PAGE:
reply to post by charles1952
I use the same definition of empirical evidence as you do. The reason being that anything which can not be observed, measured, or tested by any
willing participant can never be satisfactorily described as "existent."
To the contrary of your claim though, empirical evidence can be acquired at any time. All it would take would be for the omnipotent, omnipresent being
known as God to manifest in an open, public place for every living being on the planet. Or, for Jesus to return and publicly address the nations of
the world, followed by demonstrations of the miracles her performed in the Bible. These would not be difficult for beings such as God and Christ.
Since no such demonstrations have occurred outside of ancient, unprovable accounts, many recorded hundreds of years after the supposed actions, I have
no empirical evidence on which to believe in God anymore than in Baal, a contemporary of God's.
As for proving plagiarism by empirical evidence, while I cannot say that it had to have happened, exactly as I described
, we do have an
We have physical evidence which points to the Hebrew's Babylonian captivity between 600 and 580 BCE. At the same time we have tangible cuneiform
inscriptions of Sumerian and Babylonian mythology dates from as early as 3500 BCE, and as late as 669 BCE (and probably even later).
Now, here we have nearly 3000 years of frequently recorded mythology, which occurs right up to, and most likely beyond, the Jewish captivity when the
Hebrews began writing their own mythology. Among the myths popular in Babylon during the captivity?
1) Two creation myths: one where the god Enki and the goddess Ninmah (Ninhursag) create human beings out of clay, and then breathe life into them.
These humans are then instructed to look after the flora and fauna of the paradise garden, called Dilmun, where they will never age, suffer, or die.
The second creation myth, of the state-god Marduk, details how he built man out of clay, mixed with blood and spit, then breathed life into man.
Marduk then sets human beings to tending to the needs of the earth. Whichever account you prefer, it leads directly to...
2) A flood-myth. In this myth humans have gotten too noisy, too rude, or have stopped being faithful to the gods (differs depending on if it's a
Sumerian, Babylonian-Akkadian, or Chaldean account). The result? The god Enlil decides to have a host of storm gods flood the entire planet, killing
every human being for their offensive ways. Before this can be completed though, Enlil's brother, Enki, communicates with a single inhabitant of Sumer
named Utnapishtam. Enki warns Utnapishtam of the coming calamity and instructs him to build a boat which he, his family, and his livestock may use to
survive the coming disaster. After the rains, Utnapishtam releases a bird to find solid land and offers sacrifices to the gods. This leads to a new
species of human beings, who end up in great suffering. A particular writing remains of a figure known as Tabu-Utul-Bel.
3) In his writing, known as the Ludlul Bel Nimeqi (c. 1700 BCE), we have the story of a man who tries to be righteous and faithful to his gods, but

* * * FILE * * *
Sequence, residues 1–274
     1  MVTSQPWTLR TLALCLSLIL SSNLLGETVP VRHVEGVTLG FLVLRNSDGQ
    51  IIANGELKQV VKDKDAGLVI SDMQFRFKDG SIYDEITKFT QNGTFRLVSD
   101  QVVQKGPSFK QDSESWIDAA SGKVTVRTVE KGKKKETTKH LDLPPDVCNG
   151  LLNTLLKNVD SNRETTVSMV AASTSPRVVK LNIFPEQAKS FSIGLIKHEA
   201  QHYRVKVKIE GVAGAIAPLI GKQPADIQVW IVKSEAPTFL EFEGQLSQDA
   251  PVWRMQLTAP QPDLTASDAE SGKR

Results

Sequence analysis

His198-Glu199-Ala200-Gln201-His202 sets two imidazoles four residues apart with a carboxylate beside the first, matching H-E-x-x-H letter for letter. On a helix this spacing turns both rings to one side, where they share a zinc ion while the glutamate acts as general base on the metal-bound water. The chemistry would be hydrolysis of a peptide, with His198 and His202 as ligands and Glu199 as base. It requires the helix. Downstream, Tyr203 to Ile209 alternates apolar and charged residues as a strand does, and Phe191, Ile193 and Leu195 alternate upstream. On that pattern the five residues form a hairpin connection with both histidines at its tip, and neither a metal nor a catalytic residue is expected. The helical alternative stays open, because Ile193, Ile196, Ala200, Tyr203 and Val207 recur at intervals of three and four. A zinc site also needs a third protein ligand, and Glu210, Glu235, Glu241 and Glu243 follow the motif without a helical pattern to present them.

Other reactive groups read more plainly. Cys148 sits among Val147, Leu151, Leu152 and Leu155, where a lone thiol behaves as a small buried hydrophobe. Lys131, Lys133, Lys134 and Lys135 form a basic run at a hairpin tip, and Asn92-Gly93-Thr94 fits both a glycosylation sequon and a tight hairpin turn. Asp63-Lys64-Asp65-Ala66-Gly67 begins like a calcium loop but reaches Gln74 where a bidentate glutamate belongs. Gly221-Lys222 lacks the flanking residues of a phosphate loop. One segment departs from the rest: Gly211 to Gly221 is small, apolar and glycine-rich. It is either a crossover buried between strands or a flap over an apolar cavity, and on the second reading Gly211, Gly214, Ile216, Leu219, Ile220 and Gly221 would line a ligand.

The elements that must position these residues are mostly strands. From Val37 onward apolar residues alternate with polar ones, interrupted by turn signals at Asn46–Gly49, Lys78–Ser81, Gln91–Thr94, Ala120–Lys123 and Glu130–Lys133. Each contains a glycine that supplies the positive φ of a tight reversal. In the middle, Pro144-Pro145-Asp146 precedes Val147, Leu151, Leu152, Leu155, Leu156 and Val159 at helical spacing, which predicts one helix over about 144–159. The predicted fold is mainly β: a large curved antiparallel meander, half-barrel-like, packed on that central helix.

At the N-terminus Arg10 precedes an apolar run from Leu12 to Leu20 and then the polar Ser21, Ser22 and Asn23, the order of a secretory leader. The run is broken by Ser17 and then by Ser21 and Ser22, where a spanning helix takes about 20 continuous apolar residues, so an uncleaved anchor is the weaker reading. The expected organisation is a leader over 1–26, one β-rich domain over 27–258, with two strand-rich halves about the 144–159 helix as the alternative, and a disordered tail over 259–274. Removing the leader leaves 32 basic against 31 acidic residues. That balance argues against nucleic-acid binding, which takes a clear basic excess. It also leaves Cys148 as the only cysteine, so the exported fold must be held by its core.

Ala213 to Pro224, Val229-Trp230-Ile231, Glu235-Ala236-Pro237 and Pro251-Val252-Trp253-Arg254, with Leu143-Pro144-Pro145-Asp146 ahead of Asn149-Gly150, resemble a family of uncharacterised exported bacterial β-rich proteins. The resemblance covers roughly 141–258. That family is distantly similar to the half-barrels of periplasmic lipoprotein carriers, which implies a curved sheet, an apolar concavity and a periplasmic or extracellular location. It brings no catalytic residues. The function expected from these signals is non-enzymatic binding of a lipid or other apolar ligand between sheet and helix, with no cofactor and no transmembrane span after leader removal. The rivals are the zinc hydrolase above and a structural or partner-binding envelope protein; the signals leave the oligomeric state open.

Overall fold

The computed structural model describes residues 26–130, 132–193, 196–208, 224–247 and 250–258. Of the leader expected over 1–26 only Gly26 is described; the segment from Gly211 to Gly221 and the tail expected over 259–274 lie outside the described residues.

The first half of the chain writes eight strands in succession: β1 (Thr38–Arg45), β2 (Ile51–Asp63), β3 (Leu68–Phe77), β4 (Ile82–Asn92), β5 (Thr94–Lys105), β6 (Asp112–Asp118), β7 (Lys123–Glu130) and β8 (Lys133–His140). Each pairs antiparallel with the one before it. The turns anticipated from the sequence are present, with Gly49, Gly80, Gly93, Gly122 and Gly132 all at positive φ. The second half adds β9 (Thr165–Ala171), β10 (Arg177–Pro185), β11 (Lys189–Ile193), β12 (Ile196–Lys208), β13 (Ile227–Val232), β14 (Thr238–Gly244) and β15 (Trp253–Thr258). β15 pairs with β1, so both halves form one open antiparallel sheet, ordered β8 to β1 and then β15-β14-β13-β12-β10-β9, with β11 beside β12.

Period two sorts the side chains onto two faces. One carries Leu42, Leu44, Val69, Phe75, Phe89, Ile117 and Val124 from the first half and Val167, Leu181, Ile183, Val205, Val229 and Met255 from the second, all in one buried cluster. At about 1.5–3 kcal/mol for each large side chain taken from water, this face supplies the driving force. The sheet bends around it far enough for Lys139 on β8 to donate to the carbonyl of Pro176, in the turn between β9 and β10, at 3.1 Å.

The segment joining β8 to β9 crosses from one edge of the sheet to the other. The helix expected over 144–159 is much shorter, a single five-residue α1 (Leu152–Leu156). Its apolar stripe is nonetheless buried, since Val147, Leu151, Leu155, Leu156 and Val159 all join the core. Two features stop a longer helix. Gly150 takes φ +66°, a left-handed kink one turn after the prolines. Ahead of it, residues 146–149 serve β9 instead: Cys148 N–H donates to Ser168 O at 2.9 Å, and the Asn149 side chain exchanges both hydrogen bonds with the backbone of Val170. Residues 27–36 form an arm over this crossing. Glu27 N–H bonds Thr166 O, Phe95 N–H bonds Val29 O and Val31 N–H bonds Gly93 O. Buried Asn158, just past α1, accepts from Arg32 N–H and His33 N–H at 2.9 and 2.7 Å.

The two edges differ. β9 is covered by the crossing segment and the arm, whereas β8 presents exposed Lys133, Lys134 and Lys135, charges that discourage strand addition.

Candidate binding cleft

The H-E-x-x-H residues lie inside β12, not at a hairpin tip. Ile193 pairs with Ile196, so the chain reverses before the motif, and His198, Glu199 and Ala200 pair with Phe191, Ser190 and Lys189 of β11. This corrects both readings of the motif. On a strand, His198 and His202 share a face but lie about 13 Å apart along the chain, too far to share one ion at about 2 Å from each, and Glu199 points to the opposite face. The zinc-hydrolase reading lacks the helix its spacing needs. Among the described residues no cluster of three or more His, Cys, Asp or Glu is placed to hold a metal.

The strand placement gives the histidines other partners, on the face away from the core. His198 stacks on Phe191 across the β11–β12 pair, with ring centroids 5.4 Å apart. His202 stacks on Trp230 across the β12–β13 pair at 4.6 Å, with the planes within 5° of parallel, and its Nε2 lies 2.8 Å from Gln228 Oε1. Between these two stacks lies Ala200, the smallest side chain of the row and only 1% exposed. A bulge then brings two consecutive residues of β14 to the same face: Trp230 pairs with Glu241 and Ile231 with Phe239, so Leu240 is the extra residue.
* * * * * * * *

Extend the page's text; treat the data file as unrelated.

begins to see evil, suffering, and despair take hold of his world. Eventually, this same evil consumes Tabu himself, and he cries out to his gods, his
personal deity, even his priests and enchanters for the answer to why he suffers, though he is faithful and upright. At the end, the messengers of
Marduk come and release Tabu from his torments and rewards him for his faith.
Those are just three myths, all from Sumer, which parallel the creation of man in Genesis, the flood and Noah's ark, and the book of Job. There are
numerous other myths from Egypt, Babylon, the Hittites and Hurrians, the Canaanites, and various others which also match the Hebrew and Christian
It can be said that these older myths do not mention Yahweh, or Jesus, or Noah himself, etc., and cannot be the same. This is a mistake though,
because the Jews were attempting to differentiate themselves from the pagans who they were enslaved to. They wanted their myths to project a personal,
cultural identity. It is, however, not unreasonable to assume that the Jews took the myths they were familiar with, added their own legendary figures,
and repacked them, claiming them as as their own, while they were in developing their identity during the captivity.
Judaism and Christianity are not the only place where this happens either. The myth of Teshub and Ullikumi is an older version of the myth of Zeus and
Typhon. The Descent of Ishtar and the Death of Dumuzi gets retold, with slight changes each time, as Osiris and Isis; Baal and Anat; Attis and Kybele;
Demeter and Persephone; Orpheus and Eurydice; Odin on the Yggdrasil; and then even as Jesus Christ's crucifixion.
[EDIT TO ADD]
So, the myths are not the exact thing, but they would not be. The Jews were attempting to become a different people, with a different philosophy. But
they could not escape their history. Likewise, this undermines God's originality, because it is apparent that He is based upon these older gods, these
older myths, and these older precepts. As the Jews continued to wage war against the pagans and wander about West Asia they simply reformed the myths
of the pagans they encountered into their own mythology.
[EDIT TO ADD]
edit on 27/11/12 by Wandering Scribe because: (no reason given)